- Material Misrepresentations to Investors;
- Misappropriation of Investor Funds/Ponzi Schemes; and
- Insider Trading.
See below for examples of SEC enforcement actions brought against hedge funds for these violations.
SEC Actions Combatting Hedge Fund Fraud
Material Misrepresentations to Investors
Generally, hedge funds do not calculate performance in the same manner as mutual funds because hedge funds can invest in securities that are relatively hard to value. In contrast, federal securities laws heavily dictate mutual funds by requiring specific methods on how to advertise their performance data and disclosures. Because of the difference in calculating performance, the SEC has closely monitored hedge fund practices for fraudulent performance.
• SEC v. Beacon Hill Asset Management Company: The SEC charged hedge fund Beacon Hill and its four principals for implementing a fraudulent scheme that resulted in investors losing more than $300 million. According to the SEC’s complaint, the hedge fund’s principals made several material misrepresentations to investors, including: (1) the methodology it used for calculating the net asset values of the hedge funds it managed; (2) its hedging and trading strategy; and (3) how it valued the performance of the funds. In addition, the SEC alleged the hedge fund manipulated its valuation procedures to show steady and positive returns.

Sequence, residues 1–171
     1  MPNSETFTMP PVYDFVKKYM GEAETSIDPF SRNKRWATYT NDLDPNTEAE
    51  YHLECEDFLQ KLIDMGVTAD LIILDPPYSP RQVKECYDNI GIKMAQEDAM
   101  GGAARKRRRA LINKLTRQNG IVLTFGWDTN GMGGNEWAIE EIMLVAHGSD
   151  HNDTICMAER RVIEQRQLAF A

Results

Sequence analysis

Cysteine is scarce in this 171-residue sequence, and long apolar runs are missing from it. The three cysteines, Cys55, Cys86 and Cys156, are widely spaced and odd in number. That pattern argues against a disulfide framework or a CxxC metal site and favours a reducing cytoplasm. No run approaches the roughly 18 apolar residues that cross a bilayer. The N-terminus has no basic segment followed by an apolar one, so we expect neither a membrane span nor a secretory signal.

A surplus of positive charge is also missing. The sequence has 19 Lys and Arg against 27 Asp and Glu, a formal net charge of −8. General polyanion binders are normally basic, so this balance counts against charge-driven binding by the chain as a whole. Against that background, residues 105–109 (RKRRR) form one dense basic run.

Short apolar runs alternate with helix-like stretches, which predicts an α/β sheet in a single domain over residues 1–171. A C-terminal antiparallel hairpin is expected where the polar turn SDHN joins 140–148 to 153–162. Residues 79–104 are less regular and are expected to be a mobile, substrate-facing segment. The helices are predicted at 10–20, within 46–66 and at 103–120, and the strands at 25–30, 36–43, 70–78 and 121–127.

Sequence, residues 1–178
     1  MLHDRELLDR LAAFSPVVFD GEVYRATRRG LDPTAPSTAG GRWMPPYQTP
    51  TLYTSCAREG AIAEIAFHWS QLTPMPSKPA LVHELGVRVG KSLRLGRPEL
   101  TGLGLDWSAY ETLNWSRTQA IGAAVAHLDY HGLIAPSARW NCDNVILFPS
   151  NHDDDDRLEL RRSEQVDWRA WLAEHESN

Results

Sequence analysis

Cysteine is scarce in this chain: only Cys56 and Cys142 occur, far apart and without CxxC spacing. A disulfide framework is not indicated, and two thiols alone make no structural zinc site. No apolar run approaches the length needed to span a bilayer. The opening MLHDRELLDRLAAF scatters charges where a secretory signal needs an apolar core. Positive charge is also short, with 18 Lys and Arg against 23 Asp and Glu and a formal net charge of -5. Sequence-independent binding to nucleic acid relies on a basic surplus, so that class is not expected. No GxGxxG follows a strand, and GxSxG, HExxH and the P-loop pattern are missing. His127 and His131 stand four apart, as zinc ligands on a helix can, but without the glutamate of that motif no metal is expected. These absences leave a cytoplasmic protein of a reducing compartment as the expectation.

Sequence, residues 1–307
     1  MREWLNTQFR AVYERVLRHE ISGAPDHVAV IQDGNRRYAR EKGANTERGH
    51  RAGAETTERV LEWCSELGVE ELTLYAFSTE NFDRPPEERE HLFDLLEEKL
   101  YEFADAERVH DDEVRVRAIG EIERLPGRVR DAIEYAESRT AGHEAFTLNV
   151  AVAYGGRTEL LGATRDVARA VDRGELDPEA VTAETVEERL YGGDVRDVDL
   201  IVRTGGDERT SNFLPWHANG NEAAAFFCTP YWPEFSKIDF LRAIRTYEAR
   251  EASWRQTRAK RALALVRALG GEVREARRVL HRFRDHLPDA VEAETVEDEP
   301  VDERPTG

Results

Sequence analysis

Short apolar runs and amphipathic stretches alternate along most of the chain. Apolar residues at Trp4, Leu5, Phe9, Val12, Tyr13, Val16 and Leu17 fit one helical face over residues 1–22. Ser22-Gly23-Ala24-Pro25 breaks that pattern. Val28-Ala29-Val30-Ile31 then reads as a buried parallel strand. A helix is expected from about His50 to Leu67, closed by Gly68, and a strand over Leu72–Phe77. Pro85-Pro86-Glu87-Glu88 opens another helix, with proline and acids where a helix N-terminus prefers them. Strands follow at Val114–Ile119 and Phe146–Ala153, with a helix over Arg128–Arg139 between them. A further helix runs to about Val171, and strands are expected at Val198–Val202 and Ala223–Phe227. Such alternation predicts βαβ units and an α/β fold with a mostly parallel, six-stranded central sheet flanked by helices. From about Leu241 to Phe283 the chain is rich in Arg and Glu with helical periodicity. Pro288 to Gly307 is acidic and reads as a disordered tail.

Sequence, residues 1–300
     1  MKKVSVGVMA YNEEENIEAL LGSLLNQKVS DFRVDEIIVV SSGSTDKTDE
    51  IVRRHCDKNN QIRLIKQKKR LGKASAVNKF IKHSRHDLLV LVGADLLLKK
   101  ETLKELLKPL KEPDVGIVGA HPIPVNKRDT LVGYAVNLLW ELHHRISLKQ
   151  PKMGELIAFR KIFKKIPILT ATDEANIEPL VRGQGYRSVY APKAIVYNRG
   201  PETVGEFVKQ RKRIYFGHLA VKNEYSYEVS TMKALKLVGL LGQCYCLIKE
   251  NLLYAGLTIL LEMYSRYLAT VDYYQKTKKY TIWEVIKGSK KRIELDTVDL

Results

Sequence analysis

• SEC v. Charles L. Harris, Tradewinds International L.L.C. and Tradewinds international II L.P.: The SEC charged hedge fund Tradewinds International with fraudulently raising $10 million from at least 30 investors by misrepresenting the fund’s past rates of return, net asset value and the use of investor funds. According to the SEC’s complaint, the hedge fund manager, Charles L. Harris, told investors that Tradewinds’ net asset value was between $18 and $23 million, when in reality it was approximately $30,000. Harris was sentenced to 168 months in prison and was ordered to pay restitution of $13.8 million.